Typically, during student teaching, candidates are paired with experienced teachers who help guide them through their teaching experience. During this period, candidates assist their mentors in leading class discussion and other activities.
Document and Application Requirements
When candidates meet all experience, educational, and examination requirements, they may begin the application process. Initial teacher certification applicants must seek Regular II licenses.
Regular II License
Candidates for Regular II teacher certifications must complete form F-2.
Applicants must complete background information and include the following items with their applications:
Official transcripts sealed in a college or university envelope
Official PRAXIS, SAT, ACT, or GRE scores verifying passing scores
An approved program verification form completed by your School of Education
Copy of front and back pages of valid, out-of-state licenses, if applicable
Verification of teaching experience completed by the Office of Human Resources
Official copy of arrest and criminal history record issued within the previous 12 months
An application fee of $50 in the form of a money order or cashier's check payable to “DC Treasurer”
Candidates may send completed application packets to:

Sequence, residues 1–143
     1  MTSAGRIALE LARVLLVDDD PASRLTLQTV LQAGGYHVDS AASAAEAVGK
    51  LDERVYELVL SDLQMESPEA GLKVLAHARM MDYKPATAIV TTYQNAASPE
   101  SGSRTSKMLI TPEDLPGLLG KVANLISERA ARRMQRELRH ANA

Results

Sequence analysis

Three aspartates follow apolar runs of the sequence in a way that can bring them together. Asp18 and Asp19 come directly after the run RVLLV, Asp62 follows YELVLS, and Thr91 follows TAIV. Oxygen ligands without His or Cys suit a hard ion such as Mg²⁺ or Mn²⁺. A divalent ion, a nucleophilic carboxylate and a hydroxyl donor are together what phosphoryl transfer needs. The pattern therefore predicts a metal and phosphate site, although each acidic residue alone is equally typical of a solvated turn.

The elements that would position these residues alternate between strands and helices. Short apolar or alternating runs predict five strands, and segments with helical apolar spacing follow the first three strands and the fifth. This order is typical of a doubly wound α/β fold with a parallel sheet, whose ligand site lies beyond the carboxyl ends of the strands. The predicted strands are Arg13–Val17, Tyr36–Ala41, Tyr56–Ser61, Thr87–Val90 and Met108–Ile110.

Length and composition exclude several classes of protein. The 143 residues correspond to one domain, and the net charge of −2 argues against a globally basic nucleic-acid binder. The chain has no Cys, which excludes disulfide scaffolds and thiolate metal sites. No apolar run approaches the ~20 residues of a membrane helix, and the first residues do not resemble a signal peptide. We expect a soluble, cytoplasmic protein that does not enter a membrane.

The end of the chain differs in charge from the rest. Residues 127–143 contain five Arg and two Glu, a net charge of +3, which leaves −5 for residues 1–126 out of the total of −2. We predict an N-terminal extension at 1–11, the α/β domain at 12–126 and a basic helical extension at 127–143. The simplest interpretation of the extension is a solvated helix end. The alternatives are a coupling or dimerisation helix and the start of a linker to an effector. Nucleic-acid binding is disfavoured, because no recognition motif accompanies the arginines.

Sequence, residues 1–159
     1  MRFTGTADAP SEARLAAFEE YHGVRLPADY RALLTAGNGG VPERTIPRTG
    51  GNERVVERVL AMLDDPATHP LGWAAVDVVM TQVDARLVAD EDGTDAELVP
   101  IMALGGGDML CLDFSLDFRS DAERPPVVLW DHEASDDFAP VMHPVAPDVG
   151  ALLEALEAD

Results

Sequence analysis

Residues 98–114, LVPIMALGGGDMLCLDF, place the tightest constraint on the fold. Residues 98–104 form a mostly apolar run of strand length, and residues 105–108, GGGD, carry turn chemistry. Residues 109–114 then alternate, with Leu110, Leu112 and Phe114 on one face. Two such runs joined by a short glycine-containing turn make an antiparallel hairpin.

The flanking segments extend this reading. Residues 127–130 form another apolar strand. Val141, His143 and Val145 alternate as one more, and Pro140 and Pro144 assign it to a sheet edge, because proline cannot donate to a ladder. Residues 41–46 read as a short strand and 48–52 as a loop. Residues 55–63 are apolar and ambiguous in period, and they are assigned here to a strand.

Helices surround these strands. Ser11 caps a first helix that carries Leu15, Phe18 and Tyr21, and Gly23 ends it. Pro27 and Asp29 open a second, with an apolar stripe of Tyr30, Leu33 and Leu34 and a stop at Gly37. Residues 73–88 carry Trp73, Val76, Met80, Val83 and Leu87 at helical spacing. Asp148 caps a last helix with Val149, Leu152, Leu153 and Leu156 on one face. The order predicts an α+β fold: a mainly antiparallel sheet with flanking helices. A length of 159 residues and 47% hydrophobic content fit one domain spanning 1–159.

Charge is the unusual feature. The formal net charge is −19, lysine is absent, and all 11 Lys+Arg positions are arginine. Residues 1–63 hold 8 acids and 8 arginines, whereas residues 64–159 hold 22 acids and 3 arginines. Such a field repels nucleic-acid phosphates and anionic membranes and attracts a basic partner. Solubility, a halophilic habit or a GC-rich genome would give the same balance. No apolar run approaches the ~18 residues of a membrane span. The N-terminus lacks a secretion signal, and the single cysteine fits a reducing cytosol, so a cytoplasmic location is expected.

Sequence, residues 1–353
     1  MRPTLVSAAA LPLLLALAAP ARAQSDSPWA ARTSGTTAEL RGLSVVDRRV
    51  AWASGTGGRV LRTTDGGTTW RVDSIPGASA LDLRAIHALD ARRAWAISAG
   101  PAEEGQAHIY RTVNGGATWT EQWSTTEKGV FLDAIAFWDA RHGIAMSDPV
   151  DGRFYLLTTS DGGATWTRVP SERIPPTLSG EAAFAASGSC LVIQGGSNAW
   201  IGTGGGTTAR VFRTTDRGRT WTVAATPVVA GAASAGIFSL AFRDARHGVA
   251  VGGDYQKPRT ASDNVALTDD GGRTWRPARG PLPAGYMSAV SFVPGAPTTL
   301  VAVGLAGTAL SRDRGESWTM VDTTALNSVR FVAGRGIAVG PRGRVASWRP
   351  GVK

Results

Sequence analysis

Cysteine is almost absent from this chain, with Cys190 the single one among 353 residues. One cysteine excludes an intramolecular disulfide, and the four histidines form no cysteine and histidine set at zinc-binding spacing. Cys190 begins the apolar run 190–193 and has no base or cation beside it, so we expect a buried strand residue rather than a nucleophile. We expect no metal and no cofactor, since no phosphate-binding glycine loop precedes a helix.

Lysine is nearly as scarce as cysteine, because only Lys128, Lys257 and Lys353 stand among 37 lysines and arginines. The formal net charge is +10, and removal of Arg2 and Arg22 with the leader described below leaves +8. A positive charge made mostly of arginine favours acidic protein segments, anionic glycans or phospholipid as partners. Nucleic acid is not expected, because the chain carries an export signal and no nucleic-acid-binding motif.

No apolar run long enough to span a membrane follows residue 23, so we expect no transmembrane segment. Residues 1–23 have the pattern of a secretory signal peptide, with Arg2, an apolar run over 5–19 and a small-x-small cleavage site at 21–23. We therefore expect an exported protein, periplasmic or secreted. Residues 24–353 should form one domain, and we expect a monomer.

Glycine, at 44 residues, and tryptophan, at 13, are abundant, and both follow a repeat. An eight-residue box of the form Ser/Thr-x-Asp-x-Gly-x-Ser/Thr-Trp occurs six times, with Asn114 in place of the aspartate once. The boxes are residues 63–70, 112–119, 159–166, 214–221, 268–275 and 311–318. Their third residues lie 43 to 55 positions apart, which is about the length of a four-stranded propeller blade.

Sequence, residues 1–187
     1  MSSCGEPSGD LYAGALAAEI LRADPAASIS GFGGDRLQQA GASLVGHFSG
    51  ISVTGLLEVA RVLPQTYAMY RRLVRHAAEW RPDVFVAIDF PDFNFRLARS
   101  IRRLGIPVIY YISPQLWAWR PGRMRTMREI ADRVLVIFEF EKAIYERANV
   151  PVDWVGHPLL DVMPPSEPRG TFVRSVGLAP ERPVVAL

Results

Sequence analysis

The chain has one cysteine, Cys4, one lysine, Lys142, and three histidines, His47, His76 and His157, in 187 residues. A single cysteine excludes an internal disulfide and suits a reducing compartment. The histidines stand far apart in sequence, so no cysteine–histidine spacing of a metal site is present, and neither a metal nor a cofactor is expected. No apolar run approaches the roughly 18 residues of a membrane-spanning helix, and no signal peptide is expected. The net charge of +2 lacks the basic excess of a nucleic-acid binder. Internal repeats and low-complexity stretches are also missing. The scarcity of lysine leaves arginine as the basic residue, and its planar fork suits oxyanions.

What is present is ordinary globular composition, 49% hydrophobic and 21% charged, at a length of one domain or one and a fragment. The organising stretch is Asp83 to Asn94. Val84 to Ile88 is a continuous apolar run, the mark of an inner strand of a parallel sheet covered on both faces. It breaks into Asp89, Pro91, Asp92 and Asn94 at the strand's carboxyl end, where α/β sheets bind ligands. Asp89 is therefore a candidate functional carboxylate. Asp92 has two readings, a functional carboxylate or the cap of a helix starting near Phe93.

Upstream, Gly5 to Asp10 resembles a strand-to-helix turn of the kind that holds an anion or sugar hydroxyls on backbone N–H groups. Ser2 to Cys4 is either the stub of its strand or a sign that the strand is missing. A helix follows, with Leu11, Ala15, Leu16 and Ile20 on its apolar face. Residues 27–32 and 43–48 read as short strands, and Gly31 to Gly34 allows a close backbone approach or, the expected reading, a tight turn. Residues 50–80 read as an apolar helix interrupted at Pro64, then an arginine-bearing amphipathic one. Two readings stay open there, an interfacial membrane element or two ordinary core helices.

OSSE – Division of Elementary and Secondary Education
Educator License and Accreditation
810 First Street, NE 5th Floor
Washington, DC 20002
Criminal History Background Check
Applicants for licensure in Washington D.C. must request background checks and fingerprinting to be considered for certification.
There are two methods to receive background checking and fingerprinting in the district. Applicants who are currently employed by the Washington D.C. public school district may receive fingerprinting and background check forms for free at the District of Columbia Public Schools Office of Human Resources.
Candidates must visit the office in person to fill out forms and request information. The office is located at:
DCPS Office of Human Resources
1200 First Street
NE Washington, DC 20002
Candidates not employed in a D.C. school must request background checking and fingerprinting directly from the FBI. Requests may be made at the FBI website.
Have more questions?
The Washington D.C. OSSE office may be contacted via e-mail at firstname.lastname@example.org or by phone at 202-741-5881. More information on teaching careers in general may be found here.
**Teacher Retention Sources - U.S. Department of Education, National Center for Education, Statistics Schools and Staffing Survey, 1999–2000 (“Public School Teacher Questionnaire,” “Private School Teacher Questionnaire,” and “Public Charter School Teacher Questionnaire”),
and 2000–01 Teacher Follow-up Survey (“Questionnaire for Current Teachers” and “Questionnaire for Former Teachers,” Table 1.01). Washington, DC.
State estimations based on analysis by Richard Ingersoll, Professor of Education and Sociology, University of Pennsylvania, from the National Center for Education Statistics Student and Staffing Survey, and therefore include a slight margin of error.